Updated on 24 January 2014
GE to buy healthcare software firm
Singapore: GE Healthcare plans to acquire API Healthcare, a healthcare workforce management software and analytics solutions provider. The acquisition aligns with GE's Industrial Internet strategy to invest in strong, innovative businesses that enhance GE's portfolio in software, data and analytics. The acquisition, subject to regulatory approval, is anticipated to close in the first quarter of 2014. Financial terms were not disclosed.
Improving operational efficiencies is critical for healthcare administrators today. Patients wait to be admitted and discharged. Doctors wait for test results. Staff wait for assignments. Rooms wait to be cleaned. Every hour spent waiting represents billions of dollars in costs to hospitals in aggregate each year. API Healthcare's complementary offerings will expand GE Healthcare's current Hospital Operations Management (HOM) portfolio, which gives hospitals real-time access to operational data, according to the company.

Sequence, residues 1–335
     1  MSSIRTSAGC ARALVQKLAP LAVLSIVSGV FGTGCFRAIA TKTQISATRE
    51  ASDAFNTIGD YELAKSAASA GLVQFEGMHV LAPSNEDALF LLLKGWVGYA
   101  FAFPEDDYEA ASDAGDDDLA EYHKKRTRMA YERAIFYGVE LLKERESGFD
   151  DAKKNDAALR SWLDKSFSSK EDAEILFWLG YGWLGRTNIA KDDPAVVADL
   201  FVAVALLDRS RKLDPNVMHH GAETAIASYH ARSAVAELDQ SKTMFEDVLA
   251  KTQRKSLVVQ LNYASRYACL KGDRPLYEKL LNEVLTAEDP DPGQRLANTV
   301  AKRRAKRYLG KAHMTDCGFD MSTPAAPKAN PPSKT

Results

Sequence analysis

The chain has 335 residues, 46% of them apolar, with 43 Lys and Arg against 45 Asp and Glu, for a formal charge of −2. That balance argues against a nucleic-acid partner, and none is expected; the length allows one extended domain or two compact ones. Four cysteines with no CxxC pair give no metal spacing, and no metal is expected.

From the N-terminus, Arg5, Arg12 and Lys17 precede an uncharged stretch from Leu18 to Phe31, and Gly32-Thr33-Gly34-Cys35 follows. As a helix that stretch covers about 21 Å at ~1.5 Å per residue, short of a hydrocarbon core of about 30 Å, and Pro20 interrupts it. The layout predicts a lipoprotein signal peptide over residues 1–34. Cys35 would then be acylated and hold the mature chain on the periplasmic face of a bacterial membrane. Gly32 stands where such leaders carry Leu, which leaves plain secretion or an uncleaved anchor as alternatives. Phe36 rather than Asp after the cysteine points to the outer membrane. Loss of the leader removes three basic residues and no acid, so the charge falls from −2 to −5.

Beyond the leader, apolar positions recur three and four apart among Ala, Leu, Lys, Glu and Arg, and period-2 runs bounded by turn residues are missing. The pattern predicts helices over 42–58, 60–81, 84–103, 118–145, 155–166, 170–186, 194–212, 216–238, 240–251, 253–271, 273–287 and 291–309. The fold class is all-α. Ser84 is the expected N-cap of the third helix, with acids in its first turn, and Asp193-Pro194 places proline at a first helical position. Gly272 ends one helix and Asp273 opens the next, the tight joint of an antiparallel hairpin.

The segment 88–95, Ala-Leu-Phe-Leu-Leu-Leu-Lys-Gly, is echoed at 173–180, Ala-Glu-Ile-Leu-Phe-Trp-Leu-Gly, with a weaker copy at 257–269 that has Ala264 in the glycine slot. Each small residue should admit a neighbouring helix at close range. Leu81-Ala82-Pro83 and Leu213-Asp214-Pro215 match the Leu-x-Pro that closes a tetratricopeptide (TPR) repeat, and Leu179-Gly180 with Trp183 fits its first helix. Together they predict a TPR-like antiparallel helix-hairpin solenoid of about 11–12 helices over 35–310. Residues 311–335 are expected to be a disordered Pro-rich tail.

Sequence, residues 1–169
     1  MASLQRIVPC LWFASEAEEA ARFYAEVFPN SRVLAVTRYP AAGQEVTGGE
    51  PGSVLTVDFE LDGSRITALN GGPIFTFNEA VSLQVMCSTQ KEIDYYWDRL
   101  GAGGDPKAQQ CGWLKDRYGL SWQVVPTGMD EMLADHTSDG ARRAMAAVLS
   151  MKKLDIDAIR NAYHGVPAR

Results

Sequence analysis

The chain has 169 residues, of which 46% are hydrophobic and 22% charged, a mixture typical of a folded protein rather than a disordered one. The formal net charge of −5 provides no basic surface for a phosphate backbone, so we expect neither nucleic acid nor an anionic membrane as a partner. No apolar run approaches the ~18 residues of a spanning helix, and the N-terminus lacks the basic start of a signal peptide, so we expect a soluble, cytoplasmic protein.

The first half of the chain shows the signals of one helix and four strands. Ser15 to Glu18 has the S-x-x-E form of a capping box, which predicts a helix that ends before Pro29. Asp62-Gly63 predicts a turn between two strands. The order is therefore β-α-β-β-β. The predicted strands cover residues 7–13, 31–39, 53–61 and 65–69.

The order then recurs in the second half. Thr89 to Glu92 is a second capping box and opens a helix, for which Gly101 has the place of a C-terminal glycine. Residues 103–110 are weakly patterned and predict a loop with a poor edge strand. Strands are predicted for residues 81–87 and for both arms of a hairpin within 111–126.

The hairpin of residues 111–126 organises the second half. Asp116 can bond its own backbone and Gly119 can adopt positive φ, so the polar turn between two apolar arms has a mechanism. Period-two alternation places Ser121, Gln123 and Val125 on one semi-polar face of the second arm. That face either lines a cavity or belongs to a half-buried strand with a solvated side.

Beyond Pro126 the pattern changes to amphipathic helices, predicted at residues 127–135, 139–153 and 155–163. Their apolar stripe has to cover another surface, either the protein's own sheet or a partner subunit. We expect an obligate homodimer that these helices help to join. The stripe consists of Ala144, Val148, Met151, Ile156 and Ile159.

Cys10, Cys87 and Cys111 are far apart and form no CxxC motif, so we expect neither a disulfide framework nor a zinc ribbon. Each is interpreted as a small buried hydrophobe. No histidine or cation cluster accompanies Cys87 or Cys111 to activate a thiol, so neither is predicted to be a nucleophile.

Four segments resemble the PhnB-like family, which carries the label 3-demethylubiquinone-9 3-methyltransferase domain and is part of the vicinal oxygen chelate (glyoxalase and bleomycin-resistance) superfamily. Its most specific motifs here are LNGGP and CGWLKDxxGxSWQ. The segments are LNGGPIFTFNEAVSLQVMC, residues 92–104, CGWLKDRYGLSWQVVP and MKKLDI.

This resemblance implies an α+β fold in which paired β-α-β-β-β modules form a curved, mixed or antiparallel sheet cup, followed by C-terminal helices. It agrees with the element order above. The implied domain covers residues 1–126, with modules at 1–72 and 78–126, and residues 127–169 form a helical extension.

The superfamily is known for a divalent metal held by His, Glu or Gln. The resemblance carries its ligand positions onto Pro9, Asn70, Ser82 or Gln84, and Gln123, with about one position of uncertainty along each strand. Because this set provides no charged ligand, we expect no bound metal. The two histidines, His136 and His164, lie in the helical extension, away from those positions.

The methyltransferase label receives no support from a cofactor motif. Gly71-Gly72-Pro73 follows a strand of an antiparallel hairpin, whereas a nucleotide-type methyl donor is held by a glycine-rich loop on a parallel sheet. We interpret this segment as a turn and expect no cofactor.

"Labor costs represent over 50 percent of hospital operating budgets," said Mr Michael Swinford, president and CEO, GE Healthcare Services. "With this acquisition, GE Healthcare will be able to address a significant portion of hospital operations costs, assets, patients and labor, with a mix of software, real-time data, powerful analytics and professional services."
API Healthcare's solutions, staffing and scheduling, patient classification, human resources, talent management, payroll, time and attendance, business analytics, and staffing agency offerings - are used by more than 1,600 hospitals and staffing agencies in the US API Healthcare has been rated by KLAS as having the top time and attendance solution for the last 10 years (2002-12) and the top staffing and scheduling solution provider in 2012.
"Health care productivity is more important than ever for hospitals as more patients enter the system and operational costs continue to climb," said Mr John Dineen, president and CEO, GE Healthcare. "In addition to clinical systems, hospitals need operational management systems to drive enterprise-wide efficiencies, reduce unnecessary costs and enable improved patient care. Over the next 5-7 years, we believe sales of these systems will accelerate towards double-digit growth and GE Healthcare will lead the way."